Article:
Rep. Sibilia: April 17th 2020

Good evening,

Daffodil bulbs are already sprouting leaves: Gardening Q&A with ...

I hope you were able to spend some time outside in today’s return to Spring!

There are a number of significant stories that have emerged late last week and into this weekend that effect our district including progress on Unemployment just released today, good news for our home maintenance, construction and real estate industry (see below), significant funding being allocated to the Brattleboro Retreat, and a devastating recommendation from the Chancellor of the Vermont State Colleges.

As our individual states begin to coordinate with our neighboring states to contemplate the safest way to begin to restart our state and regional economies, impatience and stress have begun to show in pockets of our country as small groups have taken to protesting at state capitals. Some of this is fueled by stress, some by conspiracy theorists and unfortunately some encouraged by our nation’s President. Of particular concern are the allegations and insinuations about false deaths in places like New York City. I always encourage questioning government, questioning reporting and forming your own opinions. Please be diligent in listening and reading what your elected officials are saying and asking questions of them (myself included) accessing up to date data and utilizing reliable news sources.

Quarantining during this pandemic is hard, frightening, expensive, lonely and unfamiliar. The effects of the quarantine will be significant. The fastest way to turn this around is to continue social distancing and health and safety measures like wearing masks, slow the spread (like it appears we have done in Vermont), protect our healthcare institutions, test citizens for antibodies and wait for a vaccine.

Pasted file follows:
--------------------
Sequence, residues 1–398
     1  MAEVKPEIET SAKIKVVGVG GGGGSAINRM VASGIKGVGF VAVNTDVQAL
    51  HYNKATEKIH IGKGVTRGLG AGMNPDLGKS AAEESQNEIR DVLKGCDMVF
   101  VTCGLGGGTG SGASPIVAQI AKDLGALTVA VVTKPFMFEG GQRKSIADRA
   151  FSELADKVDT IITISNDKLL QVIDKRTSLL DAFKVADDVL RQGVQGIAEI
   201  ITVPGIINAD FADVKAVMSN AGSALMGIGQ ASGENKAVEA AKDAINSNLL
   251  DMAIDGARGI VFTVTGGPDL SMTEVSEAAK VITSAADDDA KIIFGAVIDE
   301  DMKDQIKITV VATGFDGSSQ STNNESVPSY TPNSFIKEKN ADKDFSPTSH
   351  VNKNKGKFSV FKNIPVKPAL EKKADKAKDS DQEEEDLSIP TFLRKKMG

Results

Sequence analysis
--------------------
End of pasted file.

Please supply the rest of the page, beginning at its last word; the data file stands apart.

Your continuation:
5 Mindfulness Tips and 30 Mindfulness Quotes

We can do this friends. Thank you to all who are helping, essential workers, making masks, delivering meals, planning for our seniors, offering encouragement and cheer. On that note…

Loving and living is part of leaving

Laurie Croot Newton 4/24/1958—4/18/2020.

Today we learned of the passing of another well know Dover resident and long time community volunteer, Laurie Newton. Her last post on Facebook above is a note of encouragement and cheer for us all.

We can love and we can live every day, even during this difficult time.

I hope to speak to some of you tomorrow morning during Coffee with Laura:

Coffee with Laura call at 7 am Monday, Wednesday and Friday. You can join that call here:

Meeting ID: 734 376 857 Password: 003089 or by calling mobile
+16465588656,,734376857# US (New York)
+13126266799,,734376857# US (Chicago)